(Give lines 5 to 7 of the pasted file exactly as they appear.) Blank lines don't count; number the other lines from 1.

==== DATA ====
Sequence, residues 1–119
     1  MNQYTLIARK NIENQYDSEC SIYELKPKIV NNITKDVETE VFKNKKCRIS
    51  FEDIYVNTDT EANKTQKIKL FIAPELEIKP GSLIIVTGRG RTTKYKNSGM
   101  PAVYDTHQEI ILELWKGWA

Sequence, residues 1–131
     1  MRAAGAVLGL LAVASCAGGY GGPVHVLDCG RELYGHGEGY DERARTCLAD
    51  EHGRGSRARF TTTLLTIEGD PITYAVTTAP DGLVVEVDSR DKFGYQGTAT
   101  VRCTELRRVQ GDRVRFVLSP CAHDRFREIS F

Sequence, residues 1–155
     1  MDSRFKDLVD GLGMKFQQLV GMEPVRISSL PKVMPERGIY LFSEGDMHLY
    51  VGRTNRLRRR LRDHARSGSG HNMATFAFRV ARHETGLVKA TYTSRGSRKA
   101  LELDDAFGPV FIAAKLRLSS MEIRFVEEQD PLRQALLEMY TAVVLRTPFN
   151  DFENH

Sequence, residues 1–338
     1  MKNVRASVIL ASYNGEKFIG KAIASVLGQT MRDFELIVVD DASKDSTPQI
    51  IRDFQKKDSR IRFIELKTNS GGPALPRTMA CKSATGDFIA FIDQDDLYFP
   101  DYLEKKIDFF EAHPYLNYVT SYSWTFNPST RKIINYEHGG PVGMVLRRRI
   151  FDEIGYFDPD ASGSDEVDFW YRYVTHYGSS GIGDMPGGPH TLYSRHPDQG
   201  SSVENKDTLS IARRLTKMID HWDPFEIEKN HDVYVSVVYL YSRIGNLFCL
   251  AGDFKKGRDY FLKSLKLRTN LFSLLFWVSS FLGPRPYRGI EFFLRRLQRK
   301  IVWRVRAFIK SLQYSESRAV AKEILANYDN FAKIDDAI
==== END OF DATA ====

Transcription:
Sequence, residues 1–131
     1  MRAAGAVLGL LAVASCAGGY GGPVHVLDCG RELYGHGEGY DERARTCLAD
    51  EHGRGSRARF TTTLLTIEGD PITYAVTTAP DGLVVEVDSR DKFGYQGTAT